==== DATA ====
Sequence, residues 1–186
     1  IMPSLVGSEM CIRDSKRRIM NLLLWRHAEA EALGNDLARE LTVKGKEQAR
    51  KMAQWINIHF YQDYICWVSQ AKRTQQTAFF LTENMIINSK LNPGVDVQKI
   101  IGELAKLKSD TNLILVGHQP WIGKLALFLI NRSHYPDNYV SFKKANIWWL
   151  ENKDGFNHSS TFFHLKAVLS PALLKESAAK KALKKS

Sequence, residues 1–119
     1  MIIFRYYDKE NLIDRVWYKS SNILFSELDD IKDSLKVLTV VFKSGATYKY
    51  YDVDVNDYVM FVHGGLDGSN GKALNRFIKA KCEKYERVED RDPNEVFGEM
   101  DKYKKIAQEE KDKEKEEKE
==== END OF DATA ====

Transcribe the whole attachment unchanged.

Sequence, residues 1–186
     1  IMPSLVGSEM CIRDSKRRIM NLLLWRHAEA EALGNDLARE LTVKGKEQAR
    51  KMAQWINIHF YQDYICWVSQ AKRTQQTAFF LTENMIINSK LNPGVDVQKI
   101  IGELAKLKSD TNLILVGHQP WIGKLALFLI NRSHYPDNYV SFKKANIWWL
   151  ENKDGFNHSS TFFHLKAVLS PALLKESAAK KALKKS

Sequence, residues 1–119
     1  MIIFRYYDKE NLIDRVWYKS SNILFSELDD IKDSLKVLTV VFKSGATYKY
    51  YDVDVNDYVM FVHGGLDGSN GKALNRFIKA KCEKYERVED RDPNEVFGEM
   101  DKYKKIAQEE KDKEKEEKE